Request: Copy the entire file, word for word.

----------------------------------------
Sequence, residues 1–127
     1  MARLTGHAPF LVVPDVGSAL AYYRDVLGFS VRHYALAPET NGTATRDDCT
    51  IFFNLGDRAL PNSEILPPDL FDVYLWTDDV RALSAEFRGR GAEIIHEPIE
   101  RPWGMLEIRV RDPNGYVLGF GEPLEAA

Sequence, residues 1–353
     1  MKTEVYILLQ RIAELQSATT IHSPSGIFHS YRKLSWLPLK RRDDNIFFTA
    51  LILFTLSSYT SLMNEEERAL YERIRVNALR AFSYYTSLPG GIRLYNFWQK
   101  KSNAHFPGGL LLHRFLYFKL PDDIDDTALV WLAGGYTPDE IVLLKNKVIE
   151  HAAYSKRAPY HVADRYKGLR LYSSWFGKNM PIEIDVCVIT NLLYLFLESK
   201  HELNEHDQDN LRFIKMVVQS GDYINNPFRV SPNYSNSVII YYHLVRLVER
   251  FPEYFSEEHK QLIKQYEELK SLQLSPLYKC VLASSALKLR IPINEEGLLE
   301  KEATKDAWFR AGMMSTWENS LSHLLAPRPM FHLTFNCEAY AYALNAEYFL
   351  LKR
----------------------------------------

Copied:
Sequence, residues 1–127
     1  MARLTGHAPF LVVPDVGSAL AYYRDVLGFS VRHYALAPET NGTATRDDCT
    51  IFFNLGDRAL PNSEILPPDL FDVYLWTDDV RALSAEFRGR GAEIIHEPIE
   101  RPWGMLEIRV RDPNGYVLGF GEPLEAA

Sequence, residues 1–353
     1  MKTEVYILLQ RIAELQSATT IHSPSGIFHS YRKLSWLPLK RRDDNIFFTA
    51  LILFTLSSYT SLMNEEERAL YERIRVNALR AFSYYTSLPG GIRLYNFWQK
   101  KSNAHFPGGL LLHRFLYFKL PDDIDDTALV WLAGGYTPDE IVLLKNKVIE
   151  HAAYSKRAPY HVADRYKGLR LYSSWFGKNM PIEIDVCVIT NLLYLFLESK
   201  HELNEHDQDN LRFIKMVVQS GDYINNPFRV SPNYSNSVII YYHLVRLVER
   251  FPEYFSEEHK QLIKQYEELK SLQLSPLYKC VLASSALKLR IPINEEGLLE
   301  KEATKDAWFR AGMMSTWENS LSHLLAPRPM FHLTFNCEAY AYALNAEYFL
   351  LKR